Maths? You can count me out

Now we know what the new national curriculum is for, shouldn't we be examining what subjects to have in it?
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The Independent Online

At last we know what the national curriculum is supposed to be "for". The new version in force from this September comes with a full set of aims attached. The nonsense of 1988 is now behind us - that byzantine structure of foundation subjects, attainment targets, programmes of study with next-to-no picture of what purposes it was meant to serve. For the first time in our history we have a clear idea of what the nation wants for its children.

At last we know what the national curriculum is supposed to be "for". The new version in force from this September comes with a full set of aims attached. The nonsense of 1988 is now behind us - that byzantine structure of foundation subjects, attainment targets, programmes of study with next-to-no picture of what purposes it was meant to serve. For the first time in our history we have a clear idea of what the nation wants for its children.

The new aims are pretty good and focus on promoting the well-being of the pupil. They emphasise fairness and justice, communal and global attachments. They are in line with the needs of an active, modern liberal democracy. They target the country's economic needs yet are not in thrall to them. They include acquaintance with outstanding human achievements in artistic, scientific and other fields. So at last we know that the national curriculum is a vehicle for purposes like these. And now we have a yardstick for deciding which activities should be included in it.

Kenneth Baker's simple-minded traditionalism of 1988 is a world away. His approach - take the 10 subjects of the 1904 Secondary Regs, tweak them a bit, make all but one compulsory for all 11 years of schooling, fix 10 levels of attainment for each, and there's your national curriculum.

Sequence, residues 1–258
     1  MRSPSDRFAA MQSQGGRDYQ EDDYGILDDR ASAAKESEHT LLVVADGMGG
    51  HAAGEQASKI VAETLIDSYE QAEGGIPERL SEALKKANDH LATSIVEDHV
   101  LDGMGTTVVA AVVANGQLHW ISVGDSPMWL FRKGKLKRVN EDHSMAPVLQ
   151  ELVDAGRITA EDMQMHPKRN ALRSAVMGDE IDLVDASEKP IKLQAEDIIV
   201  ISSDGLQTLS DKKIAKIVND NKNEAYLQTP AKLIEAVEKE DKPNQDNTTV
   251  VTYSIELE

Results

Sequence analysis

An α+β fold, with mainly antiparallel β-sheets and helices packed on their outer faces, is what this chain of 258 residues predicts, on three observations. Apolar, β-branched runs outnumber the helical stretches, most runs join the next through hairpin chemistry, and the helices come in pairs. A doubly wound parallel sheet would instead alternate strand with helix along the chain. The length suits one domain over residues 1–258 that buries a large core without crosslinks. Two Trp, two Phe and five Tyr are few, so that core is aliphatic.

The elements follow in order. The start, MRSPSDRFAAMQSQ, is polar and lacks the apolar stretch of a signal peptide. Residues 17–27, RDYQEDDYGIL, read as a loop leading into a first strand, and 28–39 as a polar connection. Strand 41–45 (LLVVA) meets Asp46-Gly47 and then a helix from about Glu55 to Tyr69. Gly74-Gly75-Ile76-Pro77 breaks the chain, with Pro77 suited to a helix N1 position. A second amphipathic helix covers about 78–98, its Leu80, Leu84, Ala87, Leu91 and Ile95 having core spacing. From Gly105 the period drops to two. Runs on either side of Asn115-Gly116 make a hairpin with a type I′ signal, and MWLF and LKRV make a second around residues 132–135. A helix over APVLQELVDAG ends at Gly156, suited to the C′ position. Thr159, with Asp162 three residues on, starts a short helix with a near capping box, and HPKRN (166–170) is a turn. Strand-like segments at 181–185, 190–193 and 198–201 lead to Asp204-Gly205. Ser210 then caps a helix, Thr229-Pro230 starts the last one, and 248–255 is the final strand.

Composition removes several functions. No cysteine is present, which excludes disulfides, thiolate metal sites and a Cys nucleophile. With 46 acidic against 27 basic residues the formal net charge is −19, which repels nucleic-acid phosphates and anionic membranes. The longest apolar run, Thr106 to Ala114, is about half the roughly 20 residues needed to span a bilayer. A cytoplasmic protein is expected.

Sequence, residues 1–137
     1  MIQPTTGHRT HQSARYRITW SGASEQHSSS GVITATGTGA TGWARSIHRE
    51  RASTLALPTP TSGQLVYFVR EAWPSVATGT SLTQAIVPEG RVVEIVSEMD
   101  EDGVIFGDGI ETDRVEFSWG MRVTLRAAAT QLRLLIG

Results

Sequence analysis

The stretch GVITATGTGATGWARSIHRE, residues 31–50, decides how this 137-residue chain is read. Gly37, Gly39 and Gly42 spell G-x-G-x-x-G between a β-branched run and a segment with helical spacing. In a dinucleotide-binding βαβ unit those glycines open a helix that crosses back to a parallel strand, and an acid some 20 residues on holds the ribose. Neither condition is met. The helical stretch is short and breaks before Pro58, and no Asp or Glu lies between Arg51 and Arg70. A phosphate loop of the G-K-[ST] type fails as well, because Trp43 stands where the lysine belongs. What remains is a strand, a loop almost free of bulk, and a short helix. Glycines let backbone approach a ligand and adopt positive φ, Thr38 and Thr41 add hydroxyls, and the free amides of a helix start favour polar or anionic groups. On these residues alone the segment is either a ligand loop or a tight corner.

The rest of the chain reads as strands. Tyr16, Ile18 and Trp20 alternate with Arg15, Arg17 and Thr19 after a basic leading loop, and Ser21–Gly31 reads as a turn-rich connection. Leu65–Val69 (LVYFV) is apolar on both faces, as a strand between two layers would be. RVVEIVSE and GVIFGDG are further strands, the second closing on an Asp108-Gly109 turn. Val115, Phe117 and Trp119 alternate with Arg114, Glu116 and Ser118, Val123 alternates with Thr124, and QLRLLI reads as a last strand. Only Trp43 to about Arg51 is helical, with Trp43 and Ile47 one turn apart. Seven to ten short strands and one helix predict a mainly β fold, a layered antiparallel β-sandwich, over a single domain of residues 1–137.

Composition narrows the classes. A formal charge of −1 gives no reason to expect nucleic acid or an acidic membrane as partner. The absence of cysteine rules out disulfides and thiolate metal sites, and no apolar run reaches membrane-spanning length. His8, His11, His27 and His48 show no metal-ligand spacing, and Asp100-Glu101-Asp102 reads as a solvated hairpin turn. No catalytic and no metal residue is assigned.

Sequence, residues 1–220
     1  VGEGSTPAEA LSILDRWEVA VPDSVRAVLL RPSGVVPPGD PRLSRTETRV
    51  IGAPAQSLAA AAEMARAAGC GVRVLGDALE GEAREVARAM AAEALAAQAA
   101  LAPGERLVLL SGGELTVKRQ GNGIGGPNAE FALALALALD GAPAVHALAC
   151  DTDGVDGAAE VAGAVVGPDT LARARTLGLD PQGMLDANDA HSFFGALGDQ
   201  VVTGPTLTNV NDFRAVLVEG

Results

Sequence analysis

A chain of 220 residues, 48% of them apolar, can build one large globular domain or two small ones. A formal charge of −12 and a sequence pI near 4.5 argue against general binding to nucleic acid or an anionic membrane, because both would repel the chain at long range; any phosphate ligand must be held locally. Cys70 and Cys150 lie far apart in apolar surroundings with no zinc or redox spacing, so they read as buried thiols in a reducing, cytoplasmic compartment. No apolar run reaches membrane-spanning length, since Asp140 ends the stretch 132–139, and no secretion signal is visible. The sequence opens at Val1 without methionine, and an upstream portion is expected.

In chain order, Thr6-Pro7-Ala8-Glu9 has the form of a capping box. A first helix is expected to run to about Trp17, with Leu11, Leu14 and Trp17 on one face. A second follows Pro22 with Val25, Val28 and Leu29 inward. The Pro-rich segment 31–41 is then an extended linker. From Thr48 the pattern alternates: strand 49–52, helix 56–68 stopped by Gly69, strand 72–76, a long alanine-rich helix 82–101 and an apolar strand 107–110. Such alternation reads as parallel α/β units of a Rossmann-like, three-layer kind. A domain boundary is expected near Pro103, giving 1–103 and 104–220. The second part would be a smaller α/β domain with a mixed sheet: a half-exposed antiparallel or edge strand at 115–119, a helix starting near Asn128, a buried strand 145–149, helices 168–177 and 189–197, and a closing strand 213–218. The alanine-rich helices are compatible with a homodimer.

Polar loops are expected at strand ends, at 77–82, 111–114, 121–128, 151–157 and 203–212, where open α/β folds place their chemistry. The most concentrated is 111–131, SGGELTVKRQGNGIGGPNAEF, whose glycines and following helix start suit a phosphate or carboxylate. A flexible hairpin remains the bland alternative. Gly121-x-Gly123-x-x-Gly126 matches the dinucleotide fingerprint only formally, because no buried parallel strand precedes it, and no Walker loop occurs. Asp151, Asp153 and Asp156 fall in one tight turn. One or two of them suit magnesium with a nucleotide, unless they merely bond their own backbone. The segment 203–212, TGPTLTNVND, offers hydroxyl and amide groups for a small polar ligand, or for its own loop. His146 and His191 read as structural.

From now on it has to be different. The subjects of the curriculum cannot come first. Aims must. The subjects must earn their keep as good vehicles for realising the aims. The new curriculum introduces personal, social and health education (PSHE) and citizenship. We can readily see how well they serve the new aims.

New subjects apart, Baker's 10 by 11 by 10 structure remains largely intact. The question is now: what will happen to it? If the aims are to be taken seriously, the grid can no longer be sacrosanct.

Each of the foundation subjects now needs to be examined in detail. Does it deserve a place at all? If so, for how many years should it be compulsory? Which parts of it cohere with the new aims? Are there curriculum subjects outside the present structure which, like citizenship, need to be brought in?

History: This is not compulsory beyond 14. In a packed, chronologically arranged curriculum, there is time for only a handful of lessons on the 20th century. Is this enough? If the general aims and values of the curriculum come first, don't they suggest a more extensive understanding of the modern world? And isn't this required by the new foundation subject, citizenship? Given the latter is compulsory until 16, why not history?